quinta-feira, 26 de agosto de 2010

Sobre Fractais (About Fractals)...

“The objects we study, the objects in which we are caught up, the objects we perform, are always more than one and less than many. (…) Which is why it is interesting to work with the metaphor of the fractal. (…) A fractal is a line which occupies more than one dimension but less than two. So a fractional object? Well, this is something is indeed more than one and less than many. Somewhere in between. With is difficult to think because it defies the simplicities of the single – but also the corresponding simplicities of pluralism of the laisez faire, of a single universe inhabited by separate objects”.

Fonte: John Law, 1999. “After ANT: complexity, naming and topology”. IN: Actor Network Theory and After.

“Fractals also make their appearance in Strathern’s texts. She comes with another fractal image: one that has to do with making parts out of a whole. Divide a thick line into two black stripes and a white stripe. So two-thirds of what you then have as your starting point is black, one third is white. Now divide each of the lines on your paper (or screen): the blacks into two black and one white line, the white into two white and one black line. And again. And again. The black and white lines get smaller and smaller. But however far you go, the amount of black and white remain the same. They only get more and more intimately included in each other. So here we have an image of a more and more ingrained mutual inclusion”

Fonte: Annemarie Mol, 2002. The Body Multiple: ontology in medical practice.

"A Geometry of Nature. The cantor dust. Begin with a line; remove the middle third; then remove the middle third of the remaining segments; and so on. The Cantor set is the dust of points that remain. They are infinitely many, but their total lenght is 0. The paradoxical qualities of such constructions disturbed nineteenth-century mathematicians, but Mandelbrot saw the Cantor set as a model for the occurence of errors in an eletronic transmission line. Engineers saw periods of error-free transmission, mixed with periods when errors would come in burst. Looked at more closely, the bursts, too, contained error-free period within them. And so on - it was an example of fractal time. At every time scale, from hours to seconds, Maldelbrot discovered that the relationship of errors to clean transmission remained constant. Such dusts, he contended, are indispensable in modeling intermittency"

Fonte: Marilyn Strathern. 2004. Partial Connections.     

“Fractal is a rough or fragmented geometric shape that can be split into parts, each of which is (at least approximately) a reduced-size copy of the whole, a property called self-similarity. Roots of mathematically rigorous treatment of fractals can be traced back to functions studied by Karl Weierstrass, Georg Cantor and Felix Hausdorff in studying functions that were continuous but not differentiable; however, the term fractal was coined by Benoît Mandelbrot in 1975 and was derived from the Latin fractus meaning "broken" or "fractured." A mathematical fractal is based on an equation that undergoes iteration, a form of feedback based on recursion.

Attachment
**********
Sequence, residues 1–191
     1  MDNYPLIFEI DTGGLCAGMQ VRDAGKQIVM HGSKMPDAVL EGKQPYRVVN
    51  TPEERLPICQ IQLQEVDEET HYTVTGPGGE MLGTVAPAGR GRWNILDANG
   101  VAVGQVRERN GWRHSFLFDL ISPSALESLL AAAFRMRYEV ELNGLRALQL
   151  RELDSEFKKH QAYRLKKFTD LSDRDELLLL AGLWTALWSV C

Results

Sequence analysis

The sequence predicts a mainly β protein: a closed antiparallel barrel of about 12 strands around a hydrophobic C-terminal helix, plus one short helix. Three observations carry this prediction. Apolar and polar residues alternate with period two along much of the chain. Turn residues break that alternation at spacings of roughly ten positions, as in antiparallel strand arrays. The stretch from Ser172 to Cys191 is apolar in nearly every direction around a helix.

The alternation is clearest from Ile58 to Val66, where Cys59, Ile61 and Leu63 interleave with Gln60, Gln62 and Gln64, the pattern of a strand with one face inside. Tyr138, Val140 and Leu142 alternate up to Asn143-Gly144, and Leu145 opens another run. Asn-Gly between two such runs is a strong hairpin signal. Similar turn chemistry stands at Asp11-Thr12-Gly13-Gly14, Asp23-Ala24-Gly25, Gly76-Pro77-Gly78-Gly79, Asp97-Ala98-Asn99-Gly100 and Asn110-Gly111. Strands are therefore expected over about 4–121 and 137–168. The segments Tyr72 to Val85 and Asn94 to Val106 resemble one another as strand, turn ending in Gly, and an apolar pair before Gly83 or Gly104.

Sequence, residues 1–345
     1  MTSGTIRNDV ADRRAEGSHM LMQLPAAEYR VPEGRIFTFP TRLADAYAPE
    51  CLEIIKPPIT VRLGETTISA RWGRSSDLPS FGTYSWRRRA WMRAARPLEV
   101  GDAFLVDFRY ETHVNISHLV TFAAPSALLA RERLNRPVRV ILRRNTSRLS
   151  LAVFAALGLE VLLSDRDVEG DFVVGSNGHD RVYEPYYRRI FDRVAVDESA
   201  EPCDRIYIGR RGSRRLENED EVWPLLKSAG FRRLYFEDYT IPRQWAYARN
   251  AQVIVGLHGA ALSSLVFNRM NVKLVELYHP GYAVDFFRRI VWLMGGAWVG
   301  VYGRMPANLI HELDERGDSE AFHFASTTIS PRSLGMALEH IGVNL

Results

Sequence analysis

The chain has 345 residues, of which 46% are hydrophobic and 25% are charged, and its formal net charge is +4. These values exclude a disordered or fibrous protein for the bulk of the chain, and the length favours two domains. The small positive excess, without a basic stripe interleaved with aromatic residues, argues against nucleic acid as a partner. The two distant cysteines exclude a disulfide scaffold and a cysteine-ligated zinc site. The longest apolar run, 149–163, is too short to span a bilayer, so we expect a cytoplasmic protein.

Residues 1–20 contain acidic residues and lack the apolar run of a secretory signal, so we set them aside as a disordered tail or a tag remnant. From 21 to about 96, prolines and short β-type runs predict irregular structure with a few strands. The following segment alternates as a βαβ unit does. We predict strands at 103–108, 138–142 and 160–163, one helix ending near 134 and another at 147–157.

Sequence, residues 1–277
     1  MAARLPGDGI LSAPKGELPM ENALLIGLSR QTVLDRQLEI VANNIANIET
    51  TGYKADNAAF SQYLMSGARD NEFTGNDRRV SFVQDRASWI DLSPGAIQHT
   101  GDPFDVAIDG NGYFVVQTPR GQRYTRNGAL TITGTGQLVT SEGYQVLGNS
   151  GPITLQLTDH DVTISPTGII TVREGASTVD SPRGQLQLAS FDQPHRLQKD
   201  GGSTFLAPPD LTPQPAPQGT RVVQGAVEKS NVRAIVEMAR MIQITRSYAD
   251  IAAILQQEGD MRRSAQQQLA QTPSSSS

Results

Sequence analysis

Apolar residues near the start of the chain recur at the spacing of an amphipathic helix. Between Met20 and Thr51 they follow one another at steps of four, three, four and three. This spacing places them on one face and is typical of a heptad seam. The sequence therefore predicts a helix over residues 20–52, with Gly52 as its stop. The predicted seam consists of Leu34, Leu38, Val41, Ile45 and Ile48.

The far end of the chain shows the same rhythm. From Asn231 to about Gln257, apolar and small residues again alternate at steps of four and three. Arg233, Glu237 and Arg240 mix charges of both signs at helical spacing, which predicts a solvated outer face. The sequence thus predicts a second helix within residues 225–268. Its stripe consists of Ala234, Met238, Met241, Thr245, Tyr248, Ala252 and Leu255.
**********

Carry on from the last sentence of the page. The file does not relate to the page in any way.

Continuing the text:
A fractal often has the following features:

• It has a fine structure at arbitrarily small scales.
• It is too irregular to be easily described in traditional Euclidean geometric language.
• It is self-similar (at least approximately or stochastically).
• It has a Hausdorff dimension which is greater than its topological dimension (although this requirement is not met by space-filling curves such as the Hilbert curve).[4]
• It has a simple and recursive definition.

Because they appear similar at all levels of magnification, fractals are often considered to be infinitely complex (in informal terms). Natural objects that are approximated by fractals to a degree include clouds, mountain ranges, lightning bolts, coastlines, snow flakes, various vegetables (cauliflower and broccoli), and animal coloration patterns. However, not all self-similar objects are fractals—for example, the real line (a straight Euclidean line) is formally self-similar but fails to have other fractal characteristics; for instance, it is regular enough to be described in Euclidean terms”.

Fonte: Wikipedia (USA)

“Fractais (do latim fractus, fração, quebrado) são figuras da geometria não-Euclidiana.

"A geometria fractal é o ramo da matemática que estuda as propriedades e comportamento dos fractais. Descreve muitas situações que não podem ser explicadas facilmente pela geometria clássica, e foram aplicadas em ciência, tecnologia e arte gerada por computador. As raízes conceituais dos fractais remontam a tentativas de medir o tamanho de objetos para os quais as definições tradicionais baseadas na geometria euclidiana falham.

Um fractal (anteriormente conhecido como curva monstro) é um objeto geométrico que pode ser dividido em partes, cada uma das quais semelhante ao objeto original. Diz-se que os fractais têm infinitos detalhes, são geralmente autossimilares e independem de escala. Em muitos casos um fractal pode ser gerado por um padrão repetido, tipicamente um processo recorrente ou iterativo.

O termo foi criado em 1975 por Benoît Mandelbrot, matemático francês nascido na Polónia, que descobriu a geometria fractal na década de 1970 do século XX, a partir do adjetivo latino fractus, do verbo frangere, que significa quebrar”.

Fonte: Wikipedia (Brasil)

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